IN A VIOLENT swing entirely typical of his tempestuous personality, T.H. White once described L.J. Potts, his Cambridge tutor, as someone he "disliked to the point of rage for about a year," but later came to regard as "the most noble gentleman I have ever met" and "the great literary influence in my life." Collected here for the first time, the 30-year correspondence between White and Potts records a student-teacher relationship of such special, near-magical intensity that it parallels the Merlyn-Arthur relationship in White's masterpiece, The Once and Future King.
Admirers of White's ever-popular tetralogy will be especially happy with these letters, for they document in intricate detail the book's conception, writing, and strenuous revision. The first we hear of the project is in a 1938 letter where White mentions the launching of a new book: "I think it is one of my better books, so probably nobody else will. . . . It is not a satire. Indeed, I am afraid it is rather warm-hearted."
It is to be loosely based on Malory's Morte d'Arthur, which White gleefully admits to having just read for the first time ("Naturally I did not read Malory when writing the thesis on him"). To his surprise, White discovered that Malory's characters were drawn with consummate vividness and realism: "Arthur, Lancelot and even Galahad were really glorious people -- not pre-raphaelite prigs. . . . I am beginning to run out of reasons for writing to you, and that reminds me that it is decent of me to write you at all."
A year and a half later, after Potts had blue-penciled numerous passages he judged to be marred by cheap anachronisms, "determined facetiousness," and barely hidden diatribes against White's hated "vampire" mother (who became Morgause the witch), White began extensive revisions: "You can't think what agony it is to re-write a book. The old part rises up like Banquo and stands between you and the page." But gradually Potts, who was virtually the first person to recognize White's talent for fiction, began giving cautious praise and encouragement: "I reserve judgement of Lancelot . . . But your idea of Guenever is right -- She is obviously a most formidable woman. . . . a sort of Queen Victoria. . . . Do you get Sir Dinadan in? He is a most delightful character -- perhaps the one really nice person in the whole business. For you know they are a grim lot, like real people."
According to Sylvia Townsend Warner, White's biographer, this correspondence is "better than the letters to (David) Garnett, because they are without the desire to impress." Included in this collection are White's letters to Potts' wife Mary, which are equally spirited and eccentric. In one of these he thanks Mary for a piccolo she sent him and describes himself playing it "sitting in a rock pool 1/2 mile out to sea, with no clothes on, like a debauched merman."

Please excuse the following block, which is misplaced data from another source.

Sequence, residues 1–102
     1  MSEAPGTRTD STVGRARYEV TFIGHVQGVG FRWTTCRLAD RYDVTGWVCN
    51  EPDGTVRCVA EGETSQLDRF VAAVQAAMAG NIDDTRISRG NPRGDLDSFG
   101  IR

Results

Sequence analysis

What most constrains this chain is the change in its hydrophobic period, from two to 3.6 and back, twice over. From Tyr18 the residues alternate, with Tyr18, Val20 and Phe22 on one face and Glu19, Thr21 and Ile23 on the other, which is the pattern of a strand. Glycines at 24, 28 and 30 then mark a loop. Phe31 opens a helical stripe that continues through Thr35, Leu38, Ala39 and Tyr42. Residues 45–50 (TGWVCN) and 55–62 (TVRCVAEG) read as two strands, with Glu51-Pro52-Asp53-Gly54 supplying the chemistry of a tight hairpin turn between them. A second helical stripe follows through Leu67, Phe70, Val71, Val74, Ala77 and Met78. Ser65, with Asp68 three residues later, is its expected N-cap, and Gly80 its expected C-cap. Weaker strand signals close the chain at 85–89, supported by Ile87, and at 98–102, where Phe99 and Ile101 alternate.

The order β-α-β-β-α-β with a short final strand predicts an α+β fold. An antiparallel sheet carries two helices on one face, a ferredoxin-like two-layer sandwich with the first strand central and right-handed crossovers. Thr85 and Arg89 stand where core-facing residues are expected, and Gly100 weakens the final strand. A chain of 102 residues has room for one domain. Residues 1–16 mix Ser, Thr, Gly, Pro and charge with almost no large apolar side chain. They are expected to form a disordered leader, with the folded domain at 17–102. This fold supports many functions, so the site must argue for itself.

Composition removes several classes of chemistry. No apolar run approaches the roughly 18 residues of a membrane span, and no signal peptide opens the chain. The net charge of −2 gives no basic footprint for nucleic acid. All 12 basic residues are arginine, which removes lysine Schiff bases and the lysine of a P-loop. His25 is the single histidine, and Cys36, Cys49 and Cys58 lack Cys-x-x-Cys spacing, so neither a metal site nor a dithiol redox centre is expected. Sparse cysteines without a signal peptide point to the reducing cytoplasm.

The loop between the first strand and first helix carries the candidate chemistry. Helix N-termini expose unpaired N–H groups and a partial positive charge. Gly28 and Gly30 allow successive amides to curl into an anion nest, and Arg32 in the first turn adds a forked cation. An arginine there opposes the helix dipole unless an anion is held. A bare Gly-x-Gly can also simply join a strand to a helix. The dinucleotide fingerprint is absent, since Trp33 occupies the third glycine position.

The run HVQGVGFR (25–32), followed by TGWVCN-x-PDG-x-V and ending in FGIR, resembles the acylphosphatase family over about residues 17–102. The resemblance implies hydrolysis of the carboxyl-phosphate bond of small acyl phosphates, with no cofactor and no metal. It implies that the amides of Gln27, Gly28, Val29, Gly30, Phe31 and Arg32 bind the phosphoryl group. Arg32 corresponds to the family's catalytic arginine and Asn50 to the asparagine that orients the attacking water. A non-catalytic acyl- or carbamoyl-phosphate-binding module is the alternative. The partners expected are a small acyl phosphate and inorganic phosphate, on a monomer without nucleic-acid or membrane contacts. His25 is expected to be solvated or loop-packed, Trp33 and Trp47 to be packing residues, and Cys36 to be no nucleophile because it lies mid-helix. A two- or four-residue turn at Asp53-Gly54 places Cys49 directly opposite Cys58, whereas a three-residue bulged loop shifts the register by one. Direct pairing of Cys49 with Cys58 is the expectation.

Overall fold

This book covers an enormous range of subjects. A novelist, falconer, adventurer, educator, and natural historian, White was an intense, complicated man who insisted, as editor Francois Gallix writes in his superb notes, on living out several personae at once "in the course of a lifelong effort to sustain as high a version of any state as possible." In addition to erudite material on these careers, the letters offer commentary on White's psychoanalysis, his empathy with children (documented in an enchanting correspondence with Potts' son William), his book reviews for the Times Literary Supplement (the "malevolent rag" he never quite forgave for giving The Once and Future King a frivolous review), and his touching friendship with a deaf-and-blind lady named Puck. White could write with intuitive brilliance on subjects he knew little about, as is evidenced by his prophetic assessment of Gilbert and Sullivan: "Everybody knows the official attitude of the musical eggheads who sneer at them because, 'it is not good music.' . . . The construction of these Gilbertian jokes (is) so frivolously, Aristotelianly perfect that they entrance me, and I contend that just as the words are a happy skit on tragedy, so is the music a pleasant skit on opera."
Despite their exuberance, many of the letters communicate an underlying sadness, particularly the ones which candidly document his never-ending string of botched love affairs. White preferred to live with cats, dogs, hawks, toads, and grass snakes ("a frightful ordeal for the maid who cleaned his room") instead of people. This peculiar way of living took a severe toll in loneliness and bouts with alcoholism, but it also generated White's celebrated descriptions of animals, who come alive as charmingly in these letters as in White's novels or his Book of Beasts. "We have got a cat," he writes Mary, "which is the first cat I ever got on with. The cat and I are both sadists, and we recognize this in each other, and don't mind. . . . I pull its tail whenever I see it, and it bites me whenever it sees me, and we both don't care a fig." On a darker note, he writes of the terrible grief he experienced at the death of his red setter Brownie, "a mother, child and mistress to me for fourteen years . . . the only perfection I have ever known."
The other major chronicle of grief here is the death of Potts in 1960, a sad counterpoint to White's final surge to fame with the opening of Camelot, the Broadway version of The Once and Future King. White's final letters to Mary are a moving, faltering, attempt to cheer them both up -- the only letters in the collection that are not convincing.
White's own death came two years later on board a ship sailing from New York to Greece. As Gallix points out, White died much as he lived, "on his way to new adventures, and alone." Both the adventure and the loneliness -- the essential White -- are beautifully captured in these letters to his magus and father figure. Potts was on target, as usual, when he told his favorite student: "The one character you can dramatise perfectly is yourself."